Book review: The Waiting Years

 The Waiting Years   Chemin de femmes  

Chemin de femmes
by Fumiko Enchi
First published as 女坂 in 1957, Translated from the Japanese into French
by
Anne Bayard-Sakai and Cécile Sakai
Gallimard, NFR, 1999
228 pages
The Waiting Years
translated by John Bester – Kodansha, 2002
203 pages
Historical fiction 

Goodreads

I didn’t find the book quickly enough in English, so I read it in its French translation. But I gave the information above to encourage you to read it in English if you can find it, as it’s really excellent.

The book is set at the end of the 19th century, near the end of the Meiji era, when feudal traditions were still alive, like here with Tomo, a high official’s wife, who serves him to the end, for the sake of the family unit. Submission to the husband was then the only way for women (as highlighted by the title in the French edition).

The plot is simple and unusual: at the opening of the book, Tomo is asked by her husband to go and find a young concubine for him. And there will be more young girls to find, as the book accompanies Tomo all her life. We also meet her children and grand-children.

What really struck me in this book was the finesse of the writing in presenting the psychological portrait of people and mostly women (apparently a characteristic of this Fumiko Enchi’s writing), des “femmes de l’ombre.”

Tomo aimait vraiment cet homme inflexible. C’était la lutte solitaire, sans merci, d’un amour jamais récompensé malgré un acharnement de tous les instants ; Tomo en souffrait, mais l’idée de partir ne l’avait pas une seule fois effleurée.

Une ombre couleur d’encre de Chine délavée nimbait Suga, taciturne, aux gestes las.

À chaque halte, ses yeux découvraient des maisons différentes, simple logis, magasin de fruits et légumes ou quincaillerie, mais toujours les ampoules électriques répandaient une lumière orangée d’une infinie clarté, les fumets de cuisine charriaient vers ses narines une chaleur d’une incomparable densité, faisant vaciller son cœur. Le bonheur… Un adorable petit bonheur harmonieux lui semblait se déployer au pied de ces lampes à la fragile lueur. Un modeste bonheur, une discrète harmonie… Que pouvait en définitive espérer de plus l’être humain, dans sa quête éperdue et acharnée, pleine de cris, de déraison, de sanglots ?

Women are shown in their rich complexity, sometimes even experiencing opposite feelings at the same time, and in their often difficult relationships with men and other women. At one point, Tomo can’t even point out if she feels love or hate for her husband.
Their inner struggle is a way for the author to illustrate the difficult mutation from traditional to modern Japan.
The social rumblings of the time are also show with “The Freedom and People’s Rights Movement”, as they are persecuted for demanding the establishment of an elected national assembly and the promulgation of a constitution.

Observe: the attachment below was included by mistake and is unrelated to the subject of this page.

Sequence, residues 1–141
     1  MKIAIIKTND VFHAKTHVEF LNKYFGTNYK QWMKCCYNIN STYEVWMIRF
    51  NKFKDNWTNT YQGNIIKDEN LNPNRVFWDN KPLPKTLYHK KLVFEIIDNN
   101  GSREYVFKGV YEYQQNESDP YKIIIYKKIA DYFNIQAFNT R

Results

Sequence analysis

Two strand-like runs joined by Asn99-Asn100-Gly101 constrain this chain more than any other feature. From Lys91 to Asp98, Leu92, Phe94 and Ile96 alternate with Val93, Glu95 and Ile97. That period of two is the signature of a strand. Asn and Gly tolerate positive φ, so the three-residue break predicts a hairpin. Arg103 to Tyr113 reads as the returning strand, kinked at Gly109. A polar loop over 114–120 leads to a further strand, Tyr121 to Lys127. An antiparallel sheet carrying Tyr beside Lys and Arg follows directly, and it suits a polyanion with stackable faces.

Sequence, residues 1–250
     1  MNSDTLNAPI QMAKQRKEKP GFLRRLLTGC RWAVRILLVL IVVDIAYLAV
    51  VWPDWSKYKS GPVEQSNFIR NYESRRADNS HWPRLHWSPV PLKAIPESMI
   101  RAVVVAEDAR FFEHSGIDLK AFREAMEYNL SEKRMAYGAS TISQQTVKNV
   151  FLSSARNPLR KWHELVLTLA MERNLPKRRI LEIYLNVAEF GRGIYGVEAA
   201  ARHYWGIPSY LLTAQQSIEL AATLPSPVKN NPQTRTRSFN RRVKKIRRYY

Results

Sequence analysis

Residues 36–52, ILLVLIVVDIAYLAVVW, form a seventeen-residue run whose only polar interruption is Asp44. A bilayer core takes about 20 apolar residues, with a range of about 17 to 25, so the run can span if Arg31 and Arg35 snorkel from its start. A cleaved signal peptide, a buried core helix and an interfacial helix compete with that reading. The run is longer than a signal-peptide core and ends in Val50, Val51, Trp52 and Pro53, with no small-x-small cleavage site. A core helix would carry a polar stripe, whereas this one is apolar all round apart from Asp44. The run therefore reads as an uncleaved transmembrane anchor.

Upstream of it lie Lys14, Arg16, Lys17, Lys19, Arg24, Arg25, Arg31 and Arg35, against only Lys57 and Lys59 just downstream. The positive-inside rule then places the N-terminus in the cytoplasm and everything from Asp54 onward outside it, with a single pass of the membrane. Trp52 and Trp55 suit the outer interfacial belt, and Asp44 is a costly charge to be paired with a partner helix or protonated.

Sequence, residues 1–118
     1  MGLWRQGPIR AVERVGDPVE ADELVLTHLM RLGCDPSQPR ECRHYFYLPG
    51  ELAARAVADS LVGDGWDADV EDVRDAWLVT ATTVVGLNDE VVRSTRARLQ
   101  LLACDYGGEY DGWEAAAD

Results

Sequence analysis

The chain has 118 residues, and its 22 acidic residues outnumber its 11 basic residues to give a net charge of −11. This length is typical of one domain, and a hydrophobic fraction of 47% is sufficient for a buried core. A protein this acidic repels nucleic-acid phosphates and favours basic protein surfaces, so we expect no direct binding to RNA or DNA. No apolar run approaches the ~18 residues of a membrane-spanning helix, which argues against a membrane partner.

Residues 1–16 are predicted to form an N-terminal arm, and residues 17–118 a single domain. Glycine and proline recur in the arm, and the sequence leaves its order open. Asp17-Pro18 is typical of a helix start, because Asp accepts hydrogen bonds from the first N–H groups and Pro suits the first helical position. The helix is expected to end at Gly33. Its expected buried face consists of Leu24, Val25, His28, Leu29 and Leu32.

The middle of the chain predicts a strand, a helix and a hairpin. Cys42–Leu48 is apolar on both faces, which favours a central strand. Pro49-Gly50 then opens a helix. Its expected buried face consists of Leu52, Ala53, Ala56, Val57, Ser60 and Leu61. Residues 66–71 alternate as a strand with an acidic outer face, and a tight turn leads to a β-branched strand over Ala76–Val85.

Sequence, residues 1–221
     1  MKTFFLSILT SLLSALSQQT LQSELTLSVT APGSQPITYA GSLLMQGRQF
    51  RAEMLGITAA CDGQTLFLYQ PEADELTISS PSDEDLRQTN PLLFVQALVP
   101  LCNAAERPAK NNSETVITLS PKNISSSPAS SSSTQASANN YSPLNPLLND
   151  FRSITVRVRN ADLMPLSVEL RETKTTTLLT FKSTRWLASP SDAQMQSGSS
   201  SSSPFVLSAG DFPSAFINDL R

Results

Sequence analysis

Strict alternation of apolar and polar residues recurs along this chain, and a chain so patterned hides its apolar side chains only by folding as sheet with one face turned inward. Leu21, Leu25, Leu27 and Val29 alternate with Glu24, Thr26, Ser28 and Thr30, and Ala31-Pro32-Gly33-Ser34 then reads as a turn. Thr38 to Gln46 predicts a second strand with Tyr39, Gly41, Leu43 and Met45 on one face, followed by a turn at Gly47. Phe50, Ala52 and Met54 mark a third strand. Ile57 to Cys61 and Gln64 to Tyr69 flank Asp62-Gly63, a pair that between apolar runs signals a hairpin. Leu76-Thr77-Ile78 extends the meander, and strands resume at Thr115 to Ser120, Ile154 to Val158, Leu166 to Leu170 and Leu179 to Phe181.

On the opposite of the spectrum, you have Tomo’s mother, encouraging her to also submit to fate and to “Bouddha Amida”.

Most men here are pretty awful creatures (so self-centered, cruel, violent, totally insane even!

There are beautiful passages on nature, especially used to better describe characters.
To keep track of the many passages I enjoyed, I’m including them here. Sorry for not translating them in English.

Les reflets de la lune erraient sur les herbes du jardin mouillé par la rosée d’automne et, plus loin, à la lucarne de la nouvelle bâtisse, flottait la vague lueur d’une lampe dont la mèche avait été réduite.

Il avait beau aduler le corps de la jeune femme comme s’il se fût agi d’un joyau inestimable, l’impression qu’on la retenait prisonnière après un rapt grevait lourdement le cœur de Suga et, sans qu’elle s’en aperçût, sa beauté s’en trouvait voilée — tel un cerisier en fleur sous un ciel nuageux.

Les gestes, les paroles de Suga ne laissaient transparaître rien d’autre que l’inertie, mais dans le secret de son être s’amoncelaient des tourments insolubles, comme s’accumule la neige froide et noire tombant dru dans la nuit.

En cet après-midi limpide d’automne, les cris des milans retentissaient comme des flûtes dans le ciel d’un bleu translucide.

Les lampes, que l’on commençait tout juste à allumer, projetaient sur la neige des lueurs orangées et, de-ci de-là, mêlée à la fumée, l’odeur des poissons que l’on faisait griller pour le dîner s’échappait en hésitant de dessous les auvents.

Couchée dans la pièce donnant au midi, la tête reposant sur l’oreiller, Tomo pouvait voir le jour dessiner sur la blancheur des shôji l’ombre du vieil arbre, tel un lavis à l’encre de Chine.

VERDICT: Fabulous foray into woman psychology! Exquisite portraits of Japanese women, at a time when they lived in the shadow of men.

Eiffel-Tower#5Eiffel-Tower#5Eiffel-Tower#5Eiffel-Tower#5Eiffel-Tower#5

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10 thoughts on “Book review: The Waiting Years

  1. I lived in Japan for a year and I can tell you their attitudes towards women have not changed all that much, unfortunately. Not sure I’d enjoy this as I’m on a bit of a feminist streak at the moment, but it sounds beautifully written😁

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    • Oh wow, I didn’t know you lived there. Have you ever written about your experience? I would go if I were younger… Thanks for your cultural input though. I have a few Japanese friends and have other friends who’ve lived there recently, and I hadn’t detected that.
      Yes, so well written, but not for your feminist self right now, lol

      Like

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